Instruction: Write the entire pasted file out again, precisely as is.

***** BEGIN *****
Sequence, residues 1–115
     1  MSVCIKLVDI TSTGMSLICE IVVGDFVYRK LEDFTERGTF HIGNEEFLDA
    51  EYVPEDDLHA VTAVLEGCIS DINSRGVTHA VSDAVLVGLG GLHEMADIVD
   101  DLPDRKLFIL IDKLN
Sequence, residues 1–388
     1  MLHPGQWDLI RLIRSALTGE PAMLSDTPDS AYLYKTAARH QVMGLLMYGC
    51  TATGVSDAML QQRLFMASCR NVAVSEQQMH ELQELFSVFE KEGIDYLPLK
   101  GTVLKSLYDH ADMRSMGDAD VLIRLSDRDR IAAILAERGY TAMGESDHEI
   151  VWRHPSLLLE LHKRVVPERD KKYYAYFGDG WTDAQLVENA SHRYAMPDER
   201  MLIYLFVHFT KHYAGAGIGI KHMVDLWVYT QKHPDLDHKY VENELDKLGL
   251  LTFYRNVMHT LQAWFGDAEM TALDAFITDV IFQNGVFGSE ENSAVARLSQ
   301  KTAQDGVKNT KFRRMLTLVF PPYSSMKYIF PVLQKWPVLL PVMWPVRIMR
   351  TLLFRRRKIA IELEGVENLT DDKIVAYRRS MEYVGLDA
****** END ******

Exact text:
Sequence, residues 1–115
     1  MSVCIKLVDI TSTGMSLICE IVVGDFVYRK LEDFTERGTF HIGNEEFLDA
    51  EYVPEDDLHA VTAVLEGCIS DINSRGVTHA VSDAVLVGLG GLHEMADIVD
   101  DLPDRKLFIL IDKLN
Sequence, residues 1–388
     1  MLHPGQWDLI RLIRSALTGE PAMLSDTPDS AYLYKTAARH QVMGLLMYGC
    51  TATGVSDAML QQRLFMASCR NVAVSEQQMH ELQELFSVFE KEGIDYLPLK
   101  GTVLKSLYDH ADMRSMGDAD VLIRLSDRDR IAAILAERGY TAMGESDHEI
   151  VWRHPSLLLE LHKRVVPERD KKYYAYFGDG WTDAQLVENA SHRYAMPDER
   201  MLIYLFVHFT KHYAGAGIGI KHMVDLWVYT QKHPDLDHKY VENELDKLGL
   251  LTFYRNVMHT LQAWFGDAEM TALDAFITDV IFQNGVFGSE ENSAVARLSQ
   301  KTAQDGVKNT KFRRMLTLVF PPYSSMKYIF PVLQKWPVLL PVMWPVRIMR
   351  TLLFRRRKIA IELEGVENLT DDKIVAYRRS MEYVGLDA